Each arm had a dozen cuts.
She couldn’t remember what had caused them. That was the frightening part. It was one thing to be fucked up and broken and know when you wanted to kill yourself. It was another thing entirely to have no memory of trying to take your own life away.
It was, weirdly, an amazing insight into how normal people must have seen her – to only know parts, not the whole.
‘It itches,’ she said, knowing not-Emperor-Augustus appreciated small truths.
How do you feel?
‘How do you feel?’
A question asked a thousand times, a question impossible to answer. ‘I want to go back on the last regimen. This one isn’t working.’
The not-Emperor nodded. ‘I was already considering that. I just don’t feel it puts you in a very strong position to transition back to-’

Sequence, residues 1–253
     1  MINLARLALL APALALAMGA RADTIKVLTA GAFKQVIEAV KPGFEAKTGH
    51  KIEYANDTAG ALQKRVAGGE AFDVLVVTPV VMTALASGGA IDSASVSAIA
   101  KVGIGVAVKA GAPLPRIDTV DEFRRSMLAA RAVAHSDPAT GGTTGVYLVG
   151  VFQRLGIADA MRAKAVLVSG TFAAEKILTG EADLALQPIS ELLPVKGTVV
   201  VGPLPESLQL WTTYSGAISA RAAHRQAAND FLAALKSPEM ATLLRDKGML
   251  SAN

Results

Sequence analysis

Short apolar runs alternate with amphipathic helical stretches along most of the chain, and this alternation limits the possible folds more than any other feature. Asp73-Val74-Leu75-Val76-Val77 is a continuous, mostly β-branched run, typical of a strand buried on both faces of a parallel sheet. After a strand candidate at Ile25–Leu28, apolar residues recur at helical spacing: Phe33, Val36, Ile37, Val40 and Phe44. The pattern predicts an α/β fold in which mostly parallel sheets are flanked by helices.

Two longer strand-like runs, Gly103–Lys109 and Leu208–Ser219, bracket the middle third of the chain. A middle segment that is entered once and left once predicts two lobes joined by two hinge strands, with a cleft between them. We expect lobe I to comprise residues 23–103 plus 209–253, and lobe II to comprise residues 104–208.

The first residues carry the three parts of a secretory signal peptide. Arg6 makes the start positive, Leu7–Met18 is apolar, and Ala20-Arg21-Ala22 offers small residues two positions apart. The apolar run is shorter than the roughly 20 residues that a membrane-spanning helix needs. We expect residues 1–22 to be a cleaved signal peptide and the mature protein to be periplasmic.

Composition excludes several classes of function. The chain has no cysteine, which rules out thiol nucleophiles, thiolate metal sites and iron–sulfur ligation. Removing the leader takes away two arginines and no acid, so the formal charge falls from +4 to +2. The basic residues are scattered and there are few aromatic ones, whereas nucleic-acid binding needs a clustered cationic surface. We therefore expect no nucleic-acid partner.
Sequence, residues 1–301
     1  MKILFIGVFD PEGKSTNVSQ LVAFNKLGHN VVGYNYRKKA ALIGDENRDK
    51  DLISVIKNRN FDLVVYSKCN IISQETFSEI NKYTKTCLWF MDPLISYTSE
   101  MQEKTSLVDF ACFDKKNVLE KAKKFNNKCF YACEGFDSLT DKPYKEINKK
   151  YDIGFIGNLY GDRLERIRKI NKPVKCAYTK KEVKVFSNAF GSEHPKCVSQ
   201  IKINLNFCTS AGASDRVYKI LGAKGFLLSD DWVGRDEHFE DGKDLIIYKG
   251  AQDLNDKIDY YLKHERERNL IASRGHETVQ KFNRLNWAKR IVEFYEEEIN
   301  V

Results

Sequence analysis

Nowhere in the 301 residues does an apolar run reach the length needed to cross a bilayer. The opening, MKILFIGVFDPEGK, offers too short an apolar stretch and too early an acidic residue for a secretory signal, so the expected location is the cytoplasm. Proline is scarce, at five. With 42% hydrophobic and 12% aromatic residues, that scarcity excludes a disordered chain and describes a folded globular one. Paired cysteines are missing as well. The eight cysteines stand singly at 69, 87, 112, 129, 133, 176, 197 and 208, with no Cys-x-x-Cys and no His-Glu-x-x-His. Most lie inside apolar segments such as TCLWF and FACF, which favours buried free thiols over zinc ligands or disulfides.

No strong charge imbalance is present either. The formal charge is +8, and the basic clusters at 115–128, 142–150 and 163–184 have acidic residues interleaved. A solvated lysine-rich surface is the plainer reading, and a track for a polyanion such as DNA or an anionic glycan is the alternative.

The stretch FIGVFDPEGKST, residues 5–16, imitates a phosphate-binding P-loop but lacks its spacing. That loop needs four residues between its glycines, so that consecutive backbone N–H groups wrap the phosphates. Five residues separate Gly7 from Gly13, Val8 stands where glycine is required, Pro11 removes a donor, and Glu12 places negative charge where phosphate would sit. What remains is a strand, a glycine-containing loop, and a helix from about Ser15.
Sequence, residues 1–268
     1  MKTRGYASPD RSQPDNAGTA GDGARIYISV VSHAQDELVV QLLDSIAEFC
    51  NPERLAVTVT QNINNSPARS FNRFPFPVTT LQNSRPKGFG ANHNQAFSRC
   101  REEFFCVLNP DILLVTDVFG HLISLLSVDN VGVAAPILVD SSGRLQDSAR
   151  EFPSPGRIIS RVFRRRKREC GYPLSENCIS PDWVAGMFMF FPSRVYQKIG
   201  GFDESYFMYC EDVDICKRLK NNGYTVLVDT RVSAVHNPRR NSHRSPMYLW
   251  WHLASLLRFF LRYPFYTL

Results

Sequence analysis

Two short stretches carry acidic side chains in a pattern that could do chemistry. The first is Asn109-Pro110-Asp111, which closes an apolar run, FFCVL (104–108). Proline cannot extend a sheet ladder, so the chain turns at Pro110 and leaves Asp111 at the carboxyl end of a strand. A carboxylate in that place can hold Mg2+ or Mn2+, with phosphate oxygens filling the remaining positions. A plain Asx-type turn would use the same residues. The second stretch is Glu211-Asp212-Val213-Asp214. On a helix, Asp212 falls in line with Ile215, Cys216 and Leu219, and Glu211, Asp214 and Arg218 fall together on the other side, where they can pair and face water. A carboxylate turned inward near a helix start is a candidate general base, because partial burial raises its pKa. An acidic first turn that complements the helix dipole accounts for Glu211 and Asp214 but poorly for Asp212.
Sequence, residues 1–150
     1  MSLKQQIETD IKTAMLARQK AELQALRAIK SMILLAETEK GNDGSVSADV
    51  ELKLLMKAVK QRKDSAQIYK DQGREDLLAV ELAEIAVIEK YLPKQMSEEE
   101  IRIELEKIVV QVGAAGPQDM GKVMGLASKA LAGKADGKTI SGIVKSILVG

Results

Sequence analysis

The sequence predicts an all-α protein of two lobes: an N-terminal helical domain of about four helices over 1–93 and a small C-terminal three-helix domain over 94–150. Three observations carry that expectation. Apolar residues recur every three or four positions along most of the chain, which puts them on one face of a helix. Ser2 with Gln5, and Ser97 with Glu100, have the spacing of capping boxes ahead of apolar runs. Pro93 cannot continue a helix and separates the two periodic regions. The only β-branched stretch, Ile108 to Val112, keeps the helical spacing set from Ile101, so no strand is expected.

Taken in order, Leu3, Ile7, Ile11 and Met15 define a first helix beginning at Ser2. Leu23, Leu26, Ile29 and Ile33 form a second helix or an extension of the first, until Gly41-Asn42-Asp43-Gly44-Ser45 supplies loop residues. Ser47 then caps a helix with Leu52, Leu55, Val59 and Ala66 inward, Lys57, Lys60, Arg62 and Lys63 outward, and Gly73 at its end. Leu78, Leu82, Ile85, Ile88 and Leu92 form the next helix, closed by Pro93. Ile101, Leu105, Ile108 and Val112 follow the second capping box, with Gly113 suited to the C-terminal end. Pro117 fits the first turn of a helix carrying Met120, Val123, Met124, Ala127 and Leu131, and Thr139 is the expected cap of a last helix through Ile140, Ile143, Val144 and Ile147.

‘Sleeping for twelve hours a day is better than trying to kill myself,’ she snapped. ‘And you agree with that. It would be unethical for you not to.’
‘We can work on lowering the drowsy effects. You avoided the question though.’
Stef drew her legs up onto the chair. ‘No shit.’
‘What do you want me to say that I didn’t say the last six times?’ she stared at the tree outside the window. ‘I’m pretty confident at least this time it was purely chemical. I haven’t had ideation for weeks now.’
‘How’s your sense of time?’
‘It’s been better. I’m usually within a day. Now…I’m three or four days out. I want to go back on the previous regiment. I want some new crayons, and I want to go outside for an hour.’
Augustus followed her gaze. ‘That isn’t usually a privilege you ask for. Has something changed?’
‘My life,’ she said, using the words timidly, ‘has been a bit more positive lately. I feel like some fresh air.’
He nodded. ‘I think we can arrange that. And I’ll move you back to the old regimen over the course of the next two weeks.’
There was something unusual about his tone. Clipped. Not as many follow-up questions as normal. ‘Are- Are you rushing me out, Doctor?’
‘A little, and I must apologise, we’re in the middle of an audit.’